Florida mother Casey Anthony was acquitted of all charges Tuesday in the death of daughter Caylee in 2008. But she still faces sentencing Thursday on four counts of lying to police regarding a missing person. What could be in store for her?
Each misdemeanor count carries a maximum sentence of one year in county jail, for which Judge Belvin Perry has the option of sentencing her consecutively or concurrently.
The defense plans to ask Perry that she be sentenced concurrently because the four counts occurred at the same time, defense lawyer Cheney Mason told In Session's Jean Casarez.
Moreover, Mason said, Anthony should receive credit for time served in jail since her arrest in 2008, which would mean she could walk free Thursday.
Where will she go when she leaves state custody? That remains to be seen, but definitely not her parents' home, Mason said.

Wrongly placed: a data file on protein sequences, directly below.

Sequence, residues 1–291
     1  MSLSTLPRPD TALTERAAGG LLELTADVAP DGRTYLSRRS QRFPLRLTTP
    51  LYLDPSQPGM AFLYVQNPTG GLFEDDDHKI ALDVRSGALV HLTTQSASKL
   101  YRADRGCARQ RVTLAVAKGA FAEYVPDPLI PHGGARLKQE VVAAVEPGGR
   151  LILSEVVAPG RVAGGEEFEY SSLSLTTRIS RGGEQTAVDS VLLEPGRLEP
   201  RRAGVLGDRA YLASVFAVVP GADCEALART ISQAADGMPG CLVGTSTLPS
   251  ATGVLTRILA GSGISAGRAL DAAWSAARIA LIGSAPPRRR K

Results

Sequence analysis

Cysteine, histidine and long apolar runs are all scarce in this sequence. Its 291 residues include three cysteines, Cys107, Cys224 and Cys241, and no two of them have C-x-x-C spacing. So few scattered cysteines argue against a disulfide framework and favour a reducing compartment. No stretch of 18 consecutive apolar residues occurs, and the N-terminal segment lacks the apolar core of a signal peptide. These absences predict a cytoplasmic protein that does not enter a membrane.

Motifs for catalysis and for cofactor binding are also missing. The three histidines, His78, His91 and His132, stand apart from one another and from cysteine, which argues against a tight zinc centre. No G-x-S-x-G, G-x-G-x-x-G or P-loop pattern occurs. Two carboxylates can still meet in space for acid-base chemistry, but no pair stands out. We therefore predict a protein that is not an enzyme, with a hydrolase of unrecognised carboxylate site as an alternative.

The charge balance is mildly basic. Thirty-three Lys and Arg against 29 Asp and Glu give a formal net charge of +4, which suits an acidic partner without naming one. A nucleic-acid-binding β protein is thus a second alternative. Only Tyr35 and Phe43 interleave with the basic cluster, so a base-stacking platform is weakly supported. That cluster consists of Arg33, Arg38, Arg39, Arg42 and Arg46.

Anthony can never again be tried for Caylee's death because of the double jeopardy clause of the U.S. Constitution, CNN legal analyst Jeffrey Toobin said. Nor can prosecutors appeal her acquittal.
What about a civil suit? Anything's possible, but the court declared Anthony indigent in 2009, so she doesn't have much to go after.
As for her parents, George and Cindy Anthony said in a statement issued through their attorney Tuesday that they wished to "move forward privately" and asked the media to respect their privacy.
"While the family may never know what has happened to Caylee Marie Anthony, they now have closure for this chapter of their life. They will now begin the long process of rebuilding their lives."